We decided to spend the weekend in Hampton, a small town just north of Norfolk. By this time, I was feeling completely better, but still testing positive. We decided to go for a short scooter ride to Fort Monroe, and since it was completely outdoors and nobody else was there, I was able to visit too. It is an enormous stone fort facing the entrance to Norfolk, and took us a couple hours to walk completely around and explore, which was fairly brutal in the 90+ temps of the weekend.

On the way back to the boat, we saw a cider place with an outdoor seating area out back and a free table far away from anyone where I could sit. David grabbed a cider flight while I stayed outside. We quickly decided that mid 90s was too hot to exist outside, though, and retreated to the boat.

We left Hampton and headed for Dare Marina, where we had planned to pick up some additional diesel. Our new plan was to keep doing small fills in the hopes that prices would eventually go down, but as we were filling up, the attendant warned us that his price was about to jump again in the next few days. Having called a dozen marinas that morning, every last one of whom were already 60-80 cents a gallon more expensive than the price survey from 3 days earlier, we were inclined to believe him, so we decided to fill all the way to nearly 1000 gallons. Then, pocketbook empty, we spent the night on anchor just outside of the Marina.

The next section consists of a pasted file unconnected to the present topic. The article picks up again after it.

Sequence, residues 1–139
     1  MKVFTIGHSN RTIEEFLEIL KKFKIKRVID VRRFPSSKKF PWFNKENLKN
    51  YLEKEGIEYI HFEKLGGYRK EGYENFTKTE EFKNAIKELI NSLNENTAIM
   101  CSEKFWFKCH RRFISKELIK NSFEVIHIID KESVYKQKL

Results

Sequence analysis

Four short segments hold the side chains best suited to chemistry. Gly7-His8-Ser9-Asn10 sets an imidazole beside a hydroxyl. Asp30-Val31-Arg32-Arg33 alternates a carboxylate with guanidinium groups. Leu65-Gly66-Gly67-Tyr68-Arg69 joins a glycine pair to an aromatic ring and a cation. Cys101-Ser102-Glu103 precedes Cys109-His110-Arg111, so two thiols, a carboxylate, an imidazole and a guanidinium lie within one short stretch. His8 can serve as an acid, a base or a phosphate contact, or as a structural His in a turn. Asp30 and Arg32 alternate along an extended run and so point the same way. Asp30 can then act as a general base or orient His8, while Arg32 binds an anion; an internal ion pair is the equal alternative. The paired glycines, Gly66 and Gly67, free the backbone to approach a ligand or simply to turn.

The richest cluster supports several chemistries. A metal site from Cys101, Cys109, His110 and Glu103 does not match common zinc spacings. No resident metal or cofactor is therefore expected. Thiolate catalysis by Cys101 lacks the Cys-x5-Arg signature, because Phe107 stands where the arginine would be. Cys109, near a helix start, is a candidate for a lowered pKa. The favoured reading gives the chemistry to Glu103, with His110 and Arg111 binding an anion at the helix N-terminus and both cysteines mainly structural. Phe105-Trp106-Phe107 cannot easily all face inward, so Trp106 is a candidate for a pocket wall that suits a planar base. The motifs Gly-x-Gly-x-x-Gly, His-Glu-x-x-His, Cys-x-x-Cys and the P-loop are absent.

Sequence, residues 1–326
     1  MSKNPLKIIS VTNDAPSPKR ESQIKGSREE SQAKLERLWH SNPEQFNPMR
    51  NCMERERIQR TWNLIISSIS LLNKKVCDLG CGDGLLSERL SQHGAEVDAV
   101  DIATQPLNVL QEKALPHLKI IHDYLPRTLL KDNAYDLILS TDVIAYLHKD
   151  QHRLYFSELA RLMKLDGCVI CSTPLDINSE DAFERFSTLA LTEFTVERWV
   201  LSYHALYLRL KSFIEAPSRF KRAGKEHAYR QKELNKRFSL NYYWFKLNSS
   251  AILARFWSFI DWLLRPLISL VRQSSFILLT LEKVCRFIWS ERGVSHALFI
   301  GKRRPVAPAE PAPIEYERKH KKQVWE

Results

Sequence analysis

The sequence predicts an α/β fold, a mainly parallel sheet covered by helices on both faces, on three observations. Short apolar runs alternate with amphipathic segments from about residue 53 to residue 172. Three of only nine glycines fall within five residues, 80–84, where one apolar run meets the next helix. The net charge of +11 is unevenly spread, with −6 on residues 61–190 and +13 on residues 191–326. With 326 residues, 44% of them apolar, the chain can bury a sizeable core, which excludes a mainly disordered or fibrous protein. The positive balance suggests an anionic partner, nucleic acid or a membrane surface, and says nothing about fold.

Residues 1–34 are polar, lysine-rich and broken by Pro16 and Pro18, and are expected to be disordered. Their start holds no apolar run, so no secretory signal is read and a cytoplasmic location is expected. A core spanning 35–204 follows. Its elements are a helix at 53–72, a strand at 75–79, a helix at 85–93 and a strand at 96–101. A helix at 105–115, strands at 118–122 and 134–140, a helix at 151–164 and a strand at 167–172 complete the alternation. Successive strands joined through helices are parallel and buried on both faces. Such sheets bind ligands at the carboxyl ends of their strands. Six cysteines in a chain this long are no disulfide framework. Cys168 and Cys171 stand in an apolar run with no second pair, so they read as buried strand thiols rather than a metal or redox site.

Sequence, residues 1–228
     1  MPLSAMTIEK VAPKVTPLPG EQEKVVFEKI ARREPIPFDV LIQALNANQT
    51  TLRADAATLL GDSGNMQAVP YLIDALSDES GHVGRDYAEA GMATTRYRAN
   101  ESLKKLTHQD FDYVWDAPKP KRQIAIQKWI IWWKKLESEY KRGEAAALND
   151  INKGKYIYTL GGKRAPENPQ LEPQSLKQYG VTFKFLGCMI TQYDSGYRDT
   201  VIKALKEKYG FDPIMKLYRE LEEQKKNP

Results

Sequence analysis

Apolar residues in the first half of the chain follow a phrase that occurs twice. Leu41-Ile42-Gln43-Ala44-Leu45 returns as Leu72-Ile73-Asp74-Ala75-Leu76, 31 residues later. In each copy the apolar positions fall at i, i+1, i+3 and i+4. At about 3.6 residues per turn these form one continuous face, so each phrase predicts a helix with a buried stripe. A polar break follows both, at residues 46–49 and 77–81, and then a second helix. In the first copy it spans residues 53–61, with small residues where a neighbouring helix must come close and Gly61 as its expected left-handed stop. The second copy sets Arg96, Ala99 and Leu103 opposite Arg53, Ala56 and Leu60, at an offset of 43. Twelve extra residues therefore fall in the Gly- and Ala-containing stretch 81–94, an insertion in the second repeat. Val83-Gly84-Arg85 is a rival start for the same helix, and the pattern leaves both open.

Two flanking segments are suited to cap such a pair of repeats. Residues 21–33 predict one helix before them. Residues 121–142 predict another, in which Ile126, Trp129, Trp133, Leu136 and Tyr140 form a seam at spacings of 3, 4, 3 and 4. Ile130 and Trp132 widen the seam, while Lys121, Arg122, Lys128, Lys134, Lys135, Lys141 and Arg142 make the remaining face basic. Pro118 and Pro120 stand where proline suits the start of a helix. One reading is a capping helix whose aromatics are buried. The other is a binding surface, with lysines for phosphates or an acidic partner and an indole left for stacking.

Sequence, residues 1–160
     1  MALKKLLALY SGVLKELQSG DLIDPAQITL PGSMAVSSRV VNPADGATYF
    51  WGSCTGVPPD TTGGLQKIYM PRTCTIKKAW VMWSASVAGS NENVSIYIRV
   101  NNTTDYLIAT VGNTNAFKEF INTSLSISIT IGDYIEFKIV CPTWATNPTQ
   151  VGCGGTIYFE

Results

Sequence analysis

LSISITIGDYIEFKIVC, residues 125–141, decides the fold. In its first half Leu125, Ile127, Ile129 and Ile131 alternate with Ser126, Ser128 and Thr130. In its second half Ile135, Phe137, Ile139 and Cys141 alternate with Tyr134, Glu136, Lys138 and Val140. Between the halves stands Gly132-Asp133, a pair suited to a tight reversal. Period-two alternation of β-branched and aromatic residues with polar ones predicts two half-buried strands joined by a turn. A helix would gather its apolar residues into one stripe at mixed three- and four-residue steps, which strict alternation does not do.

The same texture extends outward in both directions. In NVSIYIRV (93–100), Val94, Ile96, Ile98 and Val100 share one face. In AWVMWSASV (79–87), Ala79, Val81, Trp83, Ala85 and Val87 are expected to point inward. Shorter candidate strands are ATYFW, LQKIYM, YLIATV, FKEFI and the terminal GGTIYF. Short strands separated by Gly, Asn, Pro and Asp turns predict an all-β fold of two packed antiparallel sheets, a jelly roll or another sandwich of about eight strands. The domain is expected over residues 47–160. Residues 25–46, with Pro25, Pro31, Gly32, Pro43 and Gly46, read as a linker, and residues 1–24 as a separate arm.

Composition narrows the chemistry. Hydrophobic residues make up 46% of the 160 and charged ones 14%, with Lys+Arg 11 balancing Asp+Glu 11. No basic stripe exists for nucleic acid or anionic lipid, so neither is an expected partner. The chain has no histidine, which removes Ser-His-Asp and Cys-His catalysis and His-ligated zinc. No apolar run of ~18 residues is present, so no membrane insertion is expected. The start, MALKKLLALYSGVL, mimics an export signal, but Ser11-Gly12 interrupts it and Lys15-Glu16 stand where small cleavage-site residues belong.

As I started to feel better, David unfortunately felt the first signs of symptoms and spent the next few days feeling unwell and the next morning tested positive for Covid himself. We spent the next few nights on anchor and arrived in Solomons, a favourite spot of ours, in time for the weekend. Our original plan was to meet up with Jan and Jim for the weekend, but unfortunately David was still testing positive and we decided not to risk seeing them.

Now our roles were reversed and I ran errands and picked up food, including the most delicious key lime pie, while David stayed put on the boat, and worked on some projects including the wiring the watermaker remote and the installation of a new backup radio antenna. I also had fun with my sourdough starter and made cinnamon rolls and pizza dough along with a loaf of bread.

We had also been trying to see some of David’s extended family on Tilghman Island, but due to timing and covid, we were not able to make that happen. We finally both tested negative! We spent the night in Knapps Narrows and tried to go out for happy hour, but since it was mid-week everything there turned out to be closed!

Cause for celebration!

We headed to Annapolis and were finally able to see Jan and Jim. We realized that Annapolis is actually closer to their house than Solomons, and decided this will be our new meeting point with them :). We had a lovely meal where we completely forgot to take any photos…of course!

We would have some friends visiting us for the next week and had decided to take the next week as vacation. On Friday evening before they arrived, we walked to a nearby wine-bar where it was standard procedure to buy a bottle of wine to drink while you waited for a table. We played some Hanabi outside while we waited.

It was Pride weekend in Annapolis, so on Saturday morning we did a scooter ride into town and wondered around. We also checked out the Benneker-Douglass Museum, which was small, but very well done.

We really enjoyed spending a weekend in Annapolis, and it has a bunch more stuff to explore on future trips.